So those reps and warranties that most people glaze over are actually very important. And they are often the thing that will be the easiest to show if someone has breached a contract. And when we say breach, that means that they violated the contract. And we’re going to get to term and termination, but oftentimes, in many contracts, you can only terminate in the event of a breach, in the event of a violation. And I’m going to talk a little bit more about that later, but this is really important.

So representations and warranties are actually really important and should be read. And you should know what you are repping and warranting to, and you should also know what your client is, as well. So bear that in mind.

Another really good example of this is I’ve had clients who’ve created subscription boxes. For a little while, that was a bit of bucket list item. Everybody wanted to create a subscription box. And so what would happen is companies were coming to bloggers and saying, we’re going to create the subscription box for you, and we’re going to curate it for you. And you’re going to just sell it on your site.

And the most important thing, I’m like, what if someone gets poisoned by eating the food that’s in the subscription box? That is a representation and warranty that’s really important to have. And so nobody wants to think about what if, what if, what if. My brain was trained that way 15 years ago when I graduated law school. And so these are the things that we think about. So reps and warranties are important.

And sometimes they may ask you to rep and warrant something you can’t, because you don’t know. So read them and pull them out if they’re not appropriate.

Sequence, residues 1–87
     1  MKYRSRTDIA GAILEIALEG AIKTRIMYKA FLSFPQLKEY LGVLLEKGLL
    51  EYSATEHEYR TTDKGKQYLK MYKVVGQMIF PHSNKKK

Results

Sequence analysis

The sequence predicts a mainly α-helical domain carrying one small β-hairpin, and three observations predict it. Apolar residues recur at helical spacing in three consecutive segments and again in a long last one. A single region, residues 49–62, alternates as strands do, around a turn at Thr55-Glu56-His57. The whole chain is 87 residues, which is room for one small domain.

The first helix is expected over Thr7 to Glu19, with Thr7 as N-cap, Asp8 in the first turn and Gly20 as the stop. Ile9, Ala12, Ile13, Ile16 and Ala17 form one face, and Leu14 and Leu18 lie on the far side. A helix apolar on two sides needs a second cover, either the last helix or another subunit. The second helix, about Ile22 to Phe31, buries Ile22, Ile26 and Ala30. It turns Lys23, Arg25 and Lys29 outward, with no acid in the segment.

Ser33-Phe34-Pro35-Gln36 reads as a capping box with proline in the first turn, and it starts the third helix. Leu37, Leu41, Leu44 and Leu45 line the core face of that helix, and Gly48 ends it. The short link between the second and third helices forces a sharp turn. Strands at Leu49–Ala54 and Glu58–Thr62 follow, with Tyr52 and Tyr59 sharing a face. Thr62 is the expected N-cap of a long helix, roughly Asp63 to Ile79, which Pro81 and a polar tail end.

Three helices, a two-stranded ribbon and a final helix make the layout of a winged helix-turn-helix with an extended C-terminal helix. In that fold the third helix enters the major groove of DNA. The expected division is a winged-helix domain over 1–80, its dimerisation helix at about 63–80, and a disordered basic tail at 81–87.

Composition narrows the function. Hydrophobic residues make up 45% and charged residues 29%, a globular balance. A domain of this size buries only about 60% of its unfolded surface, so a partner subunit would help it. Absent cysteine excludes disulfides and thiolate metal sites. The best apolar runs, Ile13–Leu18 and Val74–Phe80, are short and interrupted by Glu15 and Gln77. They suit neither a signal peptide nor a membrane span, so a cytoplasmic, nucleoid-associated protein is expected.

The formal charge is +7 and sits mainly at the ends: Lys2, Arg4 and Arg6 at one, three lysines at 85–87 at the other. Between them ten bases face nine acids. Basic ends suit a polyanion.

Deliverables– so the deliverables are really the way that you protect yourself from scope, from the scope creep. It’s the way that when your client’s like, I just need one small video. And then two months later, it’s six videos, and you’ve redone it 50 times. You’ve been paid $500 for something that you should have been paid $5,000, and you are frustrated, and you want to quit. So the deliverables are where you avoid that.

So there’s a few really great ways that you can do that. Number one, if you don’t know your exact deliverables when you enter into a contract, that is OK, all right? So I’m not saying that you can’t enter into an agreement if you don’t know what they are. But make sure you agree to them later. So you can have this handy little clause that you put in that said, to be decided later, and you have to mutually agree upon it by mutual agreement of the parties.

And to do that, timelines are a great example, right? You ever have a client come to you and they’re like, all right, I need this. But I just don’t know when it’s going to be due, and we want to get you on board so you’re ready to go. We’ll agree to the timeline later. I assume many of you have pretty extensive editorial calendars, so sliding someone in can sometimes be really hard. So you’re sort of juggling that act of I want this money and I want this relationship and I want this to go forward, but I’ve got to make sure that I can actually do it.